Null results in largest environmental study of its kind

The largest meta-analysis in the world of maternal exposures to air pollution and newborn birthweights, which combined effect estimates on about 3 million births from 14 international  research centers, found no link. That’s not what is being reported, however.

Air pollution increases chances of low birth-weight babies

Sooty air pollution in towns and cities increases the chances of women giving birth to small babies, new research has shown. A study involving millions of births around the world found that higher pollution levels raised the risk of low birth-weight. Although small, the effect is said to be statistically significant. At national population scales it could have an important impact on child health, said the researchers.

They face an increased risk of dying in infancy, as well as chronic poor health and impaired mental development. The new study, the largest of its kind ever conducted, focused on tiny sooty carbon particles called PM10s and even smaller PM2.5s which are known to be linked to heart and lung problems and early death….

As usual, media takes its lead from a press release. The University of California, San Francisco, press release headlined: “Maternal exposure to outdoor air pollution associated with low birth weights worldwide,” and touted this EPA-funded study as evidence of the benefits of reducing air pollution at all costs and “a lesson that all nations can learn from.”

The study, published in the online journal, Environmental Health Perspectives, (a regular source of poor quality environmental research), was equally misleading, concluding: “We found that maternal exposures to PM10 and PM2.5 during the entire pregnancy were positively associated with term LBW.”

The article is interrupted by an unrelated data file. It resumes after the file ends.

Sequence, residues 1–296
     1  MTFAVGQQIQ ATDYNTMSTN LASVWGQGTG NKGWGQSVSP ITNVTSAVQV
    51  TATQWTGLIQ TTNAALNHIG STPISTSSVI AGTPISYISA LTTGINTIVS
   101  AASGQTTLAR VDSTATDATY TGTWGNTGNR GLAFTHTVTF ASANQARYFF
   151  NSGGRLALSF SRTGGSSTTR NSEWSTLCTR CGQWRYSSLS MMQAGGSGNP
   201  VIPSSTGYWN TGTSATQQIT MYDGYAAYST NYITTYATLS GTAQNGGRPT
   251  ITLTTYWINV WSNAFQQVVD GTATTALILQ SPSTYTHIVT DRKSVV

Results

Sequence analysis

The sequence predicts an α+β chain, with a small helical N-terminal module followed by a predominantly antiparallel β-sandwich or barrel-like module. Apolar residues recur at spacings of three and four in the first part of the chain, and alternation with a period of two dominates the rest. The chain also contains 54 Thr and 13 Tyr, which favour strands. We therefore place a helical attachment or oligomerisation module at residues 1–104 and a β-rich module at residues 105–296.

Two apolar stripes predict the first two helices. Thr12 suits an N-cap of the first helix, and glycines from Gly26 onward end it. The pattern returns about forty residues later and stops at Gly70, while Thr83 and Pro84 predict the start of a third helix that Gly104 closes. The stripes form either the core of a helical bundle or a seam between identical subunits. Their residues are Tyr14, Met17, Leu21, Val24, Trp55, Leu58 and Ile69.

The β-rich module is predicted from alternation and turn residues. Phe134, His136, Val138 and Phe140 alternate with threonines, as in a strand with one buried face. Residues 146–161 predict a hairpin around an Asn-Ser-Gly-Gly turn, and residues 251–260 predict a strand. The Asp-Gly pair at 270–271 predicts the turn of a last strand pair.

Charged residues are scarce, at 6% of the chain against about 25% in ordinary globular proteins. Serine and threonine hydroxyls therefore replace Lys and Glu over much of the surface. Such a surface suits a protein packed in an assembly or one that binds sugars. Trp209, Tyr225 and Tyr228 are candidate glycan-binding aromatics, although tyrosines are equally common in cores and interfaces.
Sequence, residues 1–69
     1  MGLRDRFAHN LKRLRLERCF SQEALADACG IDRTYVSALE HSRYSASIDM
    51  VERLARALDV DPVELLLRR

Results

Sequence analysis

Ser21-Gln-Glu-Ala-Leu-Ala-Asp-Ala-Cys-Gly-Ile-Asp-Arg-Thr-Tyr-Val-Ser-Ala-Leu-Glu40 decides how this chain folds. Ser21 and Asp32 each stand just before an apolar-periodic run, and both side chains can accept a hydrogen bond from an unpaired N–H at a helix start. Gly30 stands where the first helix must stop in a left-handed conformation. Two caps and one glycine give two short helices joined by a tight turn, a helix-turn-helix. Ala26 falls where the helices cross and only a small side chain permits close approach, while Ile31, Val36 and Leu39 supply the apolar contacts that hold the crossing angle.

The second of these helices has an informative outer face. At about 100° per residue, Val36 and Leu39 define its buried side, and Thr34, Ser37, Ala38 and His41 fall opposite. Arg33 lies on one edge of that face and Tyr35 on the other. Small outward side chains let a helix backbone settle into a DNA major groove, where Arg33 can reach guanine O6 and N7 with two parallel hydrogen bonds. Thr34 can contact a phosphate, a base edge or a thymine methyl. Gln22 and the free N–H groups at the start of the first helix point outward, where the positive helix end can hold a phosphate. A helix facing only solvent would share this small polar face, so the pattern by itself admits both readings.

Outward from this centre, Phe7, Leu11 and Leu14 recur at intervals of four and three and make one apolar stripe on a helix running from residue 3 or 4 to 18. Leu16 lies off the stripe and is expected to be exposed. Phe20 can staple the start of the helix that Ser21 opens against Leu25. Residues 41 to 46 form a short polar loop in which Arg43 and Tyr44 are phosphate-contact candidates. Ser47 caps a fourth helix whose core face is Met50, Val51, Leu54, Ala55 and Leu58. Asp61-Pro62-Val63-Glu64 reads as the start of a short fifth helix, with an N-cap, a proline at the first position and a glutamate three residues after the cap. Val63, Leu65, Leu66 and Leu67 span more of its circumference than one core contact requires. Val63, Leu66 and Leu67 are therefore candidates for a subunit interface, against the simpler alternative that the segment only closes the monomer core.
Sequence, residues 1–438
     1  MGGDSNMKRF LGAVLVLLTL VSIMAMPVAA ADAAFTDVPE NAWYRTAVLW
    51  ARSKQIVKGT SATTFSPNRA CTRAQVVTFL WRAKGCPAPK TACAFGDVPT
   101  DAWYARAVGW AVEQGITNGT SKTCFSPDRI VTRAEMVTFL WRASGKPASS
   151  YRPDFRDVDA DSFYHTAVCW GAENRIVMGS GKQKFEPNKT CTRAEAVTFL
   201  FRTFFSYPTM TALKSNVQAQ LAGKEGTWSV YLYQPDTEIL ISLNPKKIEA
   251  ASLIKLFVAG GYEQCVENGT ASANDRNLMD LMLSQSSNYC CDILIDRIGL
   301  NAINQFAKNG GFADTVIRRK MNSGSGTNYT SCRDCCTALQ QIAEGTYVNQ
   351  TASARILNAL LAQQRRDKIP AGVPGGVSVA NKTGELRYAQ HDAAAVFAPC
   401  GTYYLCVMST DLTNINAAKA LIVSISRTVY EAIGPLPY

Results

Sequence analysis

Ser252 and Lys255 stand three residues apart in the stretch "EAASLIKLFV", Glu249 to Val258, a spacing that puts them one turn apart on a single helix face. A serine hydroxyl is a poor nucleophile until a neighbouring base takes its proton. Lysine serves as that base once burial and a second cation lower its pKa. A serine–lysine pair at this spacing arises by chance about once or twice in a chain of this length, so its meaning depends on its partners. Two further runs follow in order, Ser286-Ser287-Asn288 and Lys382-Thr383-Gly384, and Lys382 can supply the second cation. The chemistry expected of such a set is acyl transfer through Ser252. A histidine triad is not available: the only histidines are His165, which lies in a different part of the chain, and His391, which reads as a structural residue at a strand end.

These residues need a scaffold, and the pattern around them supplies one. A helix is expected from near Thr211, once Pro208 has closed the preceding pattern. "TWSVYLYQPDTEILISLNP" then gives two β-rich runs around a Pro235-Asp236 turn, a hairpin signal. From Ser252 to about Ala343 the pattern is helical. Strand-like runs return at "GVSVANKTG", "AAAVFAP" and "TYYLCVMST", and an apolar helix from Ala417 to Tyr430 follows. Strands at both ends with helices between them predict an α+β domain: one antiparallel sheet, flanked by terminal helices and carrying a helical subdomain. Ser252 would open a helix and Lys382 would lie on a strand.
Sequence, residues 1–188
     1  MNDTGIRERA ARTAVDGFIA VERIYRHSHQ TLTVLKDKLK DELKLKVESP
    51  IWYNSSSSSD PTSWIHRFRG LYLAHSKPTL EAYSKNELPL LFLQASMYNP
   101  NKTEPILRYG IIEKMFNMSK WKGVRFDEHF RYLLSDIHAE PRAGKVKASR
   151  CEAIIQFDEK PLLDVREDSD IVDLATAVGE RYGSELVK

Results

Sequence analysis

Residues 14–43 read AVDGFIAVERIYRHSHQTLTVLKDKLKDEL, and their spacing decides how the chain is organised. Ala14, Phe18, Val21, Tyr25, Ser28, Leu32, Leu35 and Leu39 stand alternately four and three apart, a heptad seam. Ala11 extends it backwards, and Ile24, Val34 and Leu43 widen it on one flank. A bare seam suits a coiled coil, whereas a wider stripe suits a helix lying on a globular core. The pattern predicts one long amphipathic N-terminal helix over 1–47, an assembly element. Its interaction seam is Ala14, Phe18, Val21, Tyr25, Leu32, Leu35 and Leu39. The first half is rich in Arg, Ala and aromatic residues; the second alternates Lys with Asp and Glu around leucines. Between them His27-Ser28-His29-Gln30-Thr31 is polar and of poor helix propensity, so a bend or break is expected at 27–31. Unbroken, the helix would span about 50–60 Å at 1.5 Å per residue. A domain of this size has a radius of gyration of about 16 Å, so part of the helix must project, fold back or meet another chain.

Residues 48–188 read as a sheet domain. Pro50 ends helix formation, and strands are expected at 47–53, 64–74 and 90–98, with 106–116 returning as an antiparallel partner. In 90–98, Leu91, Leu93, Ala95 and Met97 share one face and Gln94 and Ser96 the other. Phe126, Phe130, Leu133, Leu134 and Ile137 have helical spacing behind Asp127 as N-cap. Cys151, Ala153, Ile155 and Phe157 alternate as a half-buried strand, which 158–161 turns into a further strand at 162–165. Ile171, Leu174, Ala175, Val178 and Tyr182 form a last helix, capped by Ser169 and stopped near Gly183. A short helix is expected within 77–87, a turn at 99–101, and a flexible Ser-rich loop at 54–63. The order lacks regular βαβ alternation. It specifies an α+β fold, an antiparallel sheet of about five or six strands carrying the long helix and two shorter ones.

Except the authors and the journal failed to admit that those “positive associations” weren’t even tenable and beyond random chance or modeling error. The combined estimated odds ratios were 1.03 and 1.10, respectively.

3% and 10% is well below the 200-300% that credible epidemiologists require to show a tenable link. In any reputable scientific journal, these would be null findings.

One response to “Null results in largest environmental study of its kind

  1. I have always been distrusting of ‘meta-analyses’ – adding apples to oranges and producing an estimate for a fruit salad recipe. One of the Corrolaries of Murphy’s Law states that “Nature sides with the hidden flaw,” so looking for needles in aggregate haystacks is inherently suspect.
    Nonetheless, it is remarkable that a ‘meta-analysis’ goes looking for a pre-determined reportable result and the result they find is null. It means that none of the individual studies were separately able to detect a reportable result.
    A null result in an individual study is rarely remarkable, but when it repeatedly arises in a large number of studies it is noteworthy.

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